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September 2017

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curiosity

Dinner and a Movie: Polenta and Avatar

I made most of the dinner this time. When we ate at FineLine K had mentioned that she had never had Polenta before. I love polenta so I wanted to make some for her. I made Polenta Parmesan: two cups of corn meal, cooked and poured into a 9"x13" pan, tomato sauce, Parmesan, and Mozzarella. K liked the Polenta, after she scraped off the tomato sauce and cheese. I also made White Bean Hummus and my Honey Mustard Curry Dip. There was still left over Coconut cake for dessert. Kevin brought vegetables for dipping and salad. B bought pitas and chocolate ice cream (he really doesn't like coconut). Everyone liked the food so I feel it was a success.

We had a lively dinner table conversation. And kept asking B to verify things on the internet on his iPhone (much to K's annoyance).

The Law is an Ass: Reading E.P. Evans' The Medieval Prosecution and Capital Punishment of Animals

The word blackmail "is derived from the word for tribute (in modern terms, protection money) paid by English and Scottish border dwellers to Border Reivers known also as Free-booters, in return for immunity from raids and other harassment. This tribute was paid in goods or labour (reditus nigri, or "blackmail"): the opposite is blanche firmes or reditus albi, or "white rent" (denoting payment by silver)."

Kevin brought a small remote control helicopter which he and Bu played with until it hit the ceiling and crashed. It was cute, like a dragonfly, hovering and zipping around.

After dinner we watched the two part story in Avatar about the "Siege of the North".

Comments

Do you use regular cornmeal for your polenta, or do you use the actual polenta meal?
Just plain old Quaker yellow corn meal. As it turns out B makes polenta for K frequently. He uses white corn meal and calls it "grits".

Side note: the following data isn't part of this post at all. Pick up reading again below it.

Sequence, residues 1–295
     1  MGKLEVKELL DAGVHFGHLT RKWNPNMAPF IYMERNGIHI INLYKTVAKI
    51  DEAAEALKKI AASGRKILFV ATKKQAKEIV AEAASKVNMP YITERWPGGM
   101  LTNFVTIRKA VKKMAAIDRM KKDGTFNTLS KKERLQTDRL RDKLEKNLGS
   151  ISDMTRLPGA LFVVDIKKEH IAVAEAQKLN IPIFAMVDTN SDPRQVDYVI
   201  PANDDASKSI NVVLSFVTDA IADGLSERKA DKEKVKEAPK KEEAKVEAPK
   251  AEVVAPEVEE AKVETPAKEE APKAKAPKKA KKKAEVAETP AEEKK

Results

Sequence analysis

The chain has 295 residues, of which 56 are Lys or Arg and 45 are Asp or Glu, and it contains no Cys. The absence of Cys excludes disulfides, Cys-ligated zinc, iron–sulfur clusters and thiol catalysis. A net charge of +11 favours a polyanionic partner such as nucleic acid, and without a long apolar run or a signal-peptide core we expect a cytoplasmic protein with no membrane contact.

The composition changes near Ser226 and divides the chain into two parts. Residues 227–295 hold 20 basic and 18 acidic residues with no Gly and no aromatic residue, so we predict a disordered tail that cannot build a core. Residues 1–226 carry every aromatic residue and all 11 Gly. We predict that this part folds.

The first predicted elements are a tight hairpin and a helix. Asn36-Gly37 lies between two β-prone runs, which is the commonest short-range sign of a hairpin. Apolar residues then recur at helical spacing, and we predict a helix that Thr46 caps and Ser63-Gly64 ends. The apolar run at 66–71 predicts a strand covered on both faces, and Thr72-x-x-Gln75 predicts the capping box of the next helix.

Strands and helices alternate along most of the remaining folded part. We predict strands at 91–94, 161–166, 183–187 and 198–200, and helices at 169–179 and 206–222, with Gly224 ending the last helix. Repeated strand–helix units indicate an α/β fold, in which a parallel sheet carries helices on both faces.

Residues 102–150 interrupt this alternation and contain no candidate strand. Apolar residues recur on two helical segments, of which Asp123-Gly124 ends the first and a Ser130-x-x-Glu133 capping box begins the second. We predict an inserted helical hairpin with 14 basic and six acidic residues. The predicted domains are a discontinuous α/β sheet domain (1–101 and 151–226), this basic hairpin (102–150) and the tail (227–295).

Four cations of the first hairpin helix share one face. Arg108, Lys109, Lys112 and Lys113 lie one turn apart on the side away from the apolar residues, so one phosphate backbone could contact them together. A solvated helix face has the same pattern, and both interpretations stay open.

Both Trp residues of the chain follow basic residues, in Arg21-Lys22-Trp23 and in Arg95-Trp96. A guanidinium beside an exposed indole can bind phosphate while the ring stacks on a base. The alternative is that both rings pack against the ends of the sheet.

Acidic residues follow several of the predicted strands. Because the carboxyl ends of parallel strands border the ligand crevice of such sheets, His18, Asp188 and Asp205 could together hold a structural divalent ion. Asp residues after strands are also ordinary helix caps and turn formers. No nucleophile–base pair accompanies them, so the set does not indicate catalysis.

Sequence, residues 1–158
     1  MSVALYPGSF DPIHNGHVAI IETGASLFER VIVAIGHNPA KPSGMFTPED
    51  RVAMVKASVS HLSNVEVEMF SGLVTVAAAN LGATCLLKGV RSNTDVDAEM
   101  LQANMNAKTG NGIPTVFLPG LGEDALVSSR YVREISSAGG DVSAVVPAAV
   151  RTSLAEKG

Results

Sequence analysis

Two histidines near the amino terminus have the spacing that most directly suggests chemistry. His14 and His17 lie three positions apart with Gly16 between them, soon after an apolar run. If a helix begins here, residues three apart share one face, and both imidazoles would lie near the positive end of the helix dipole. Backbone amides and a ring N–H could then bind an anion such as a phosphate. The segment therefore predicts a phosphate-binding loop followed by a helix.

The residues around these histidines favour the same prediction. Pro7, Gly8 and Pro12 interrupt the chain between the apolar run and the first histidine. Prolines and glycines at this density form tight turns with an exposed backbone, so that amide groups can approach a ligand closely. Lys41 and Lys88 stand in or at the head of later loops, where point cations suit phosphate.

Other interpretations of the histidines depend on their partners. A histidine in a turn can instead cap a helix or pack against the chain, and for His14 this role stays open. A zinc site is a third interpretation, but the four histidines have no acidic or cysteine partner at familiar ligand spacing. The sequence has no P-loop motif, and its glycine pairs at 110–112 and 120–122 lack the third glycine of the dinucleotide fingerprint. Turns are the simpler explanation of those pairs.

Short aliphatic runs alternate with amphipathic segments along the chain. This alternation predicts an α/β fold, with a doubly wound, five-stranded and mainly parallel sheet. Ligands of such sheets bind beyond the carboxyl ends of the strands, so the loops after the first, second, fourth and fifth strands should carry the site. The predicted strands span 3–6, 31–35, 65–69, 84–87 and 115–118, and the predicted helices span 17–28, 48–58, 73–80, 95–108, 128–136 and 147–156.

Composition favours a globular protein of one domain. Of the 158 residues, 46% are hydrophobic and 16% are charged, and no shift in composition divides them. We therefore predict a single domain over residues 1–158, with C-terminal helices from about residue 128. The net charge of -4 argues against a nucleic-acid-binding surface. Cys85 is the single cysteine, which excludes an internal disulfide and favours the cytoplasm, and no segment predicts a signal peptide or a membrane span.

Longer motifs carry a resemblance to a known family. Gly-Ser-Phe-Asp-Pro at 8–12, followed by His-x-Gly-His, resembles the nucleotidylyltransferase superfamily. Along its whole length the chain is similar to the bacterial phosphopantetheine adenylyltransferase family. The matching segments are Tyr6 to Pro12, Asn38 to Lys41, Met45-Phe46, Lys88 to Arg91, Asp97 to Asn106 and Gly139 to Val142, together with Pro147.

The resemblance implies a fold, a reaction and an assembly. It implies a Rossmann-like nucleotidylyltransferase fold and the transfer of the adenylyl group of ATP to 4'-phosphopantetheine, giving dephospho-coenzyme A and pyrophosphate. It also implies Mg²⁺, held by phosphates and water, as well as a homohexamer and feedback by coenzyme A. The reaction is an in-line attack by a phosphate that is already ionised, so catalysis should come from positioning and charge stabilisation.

See, I always thought that would work (and be less expensive). I've never made polenta, although I love it. I pretty much love anything made with corn meal, though.

Do you have to make any adjustments in recipes when you use regular cornmeal, or are the proportions about the same? Less liquid?
Polenta is corn meal. There may be differences in the size of the grind, but it's effectively corn meal. The Wikipedia page implies that grind size is also somewhat of a regional think in Italy, so using a package labeled "corn meal" instead of "polenta" will probably save you a couple of bucks and can be justified as within the range of what's called polenta.

Zahde is a bit incorrect when she says I use "white corn meal". I really use coarse-ground hominy, which is corn that's been treated with an alkali like lie or lime. The alkali treatment makes the corn easier to digest and frees up the niacin in the corn.
Now you are just being pedantic. You made a big deal about how you used a particuar product and it was Quaker White Corn Meal
I'll admit to pedanticism, and I'll admit to claiming to use a particular product, but it was Quaker Quick Grits, not white corn meal.
Thanks! I wondered if the coaser grind of cornmeal made it different from polenta. Grits or white cornmeal is an idea, but I like the flavor of yellow cornmeal.
I follow the instructions for "corn meal mush" on the package. Well, actually, I find it easier to remember the instruction as I got them off a bag of government cornmeal years ago when the government still gave out surplus food to the poor.

It was
3 cups hot water
1 cup corn meal
1 cup cold water
1 tsp salt
I don't think that's quite correct. I don't make polenta for K frequently. She prefers cream of rice over polenta/grits. I also don't really make it for me "frequently". I probably make it 4-5 times a year.

I also don't tend to let it set up, rather choosing to eat it while it is still mush. A thick mush, but still a mush.
But that is still more often than "never", which is how often she said she had polenta.

It's still polenta when it's hot mush.
I posted the recipe for the polenta parm and the coconut cake over on sistersrecipes
Thanks! I'll check it out.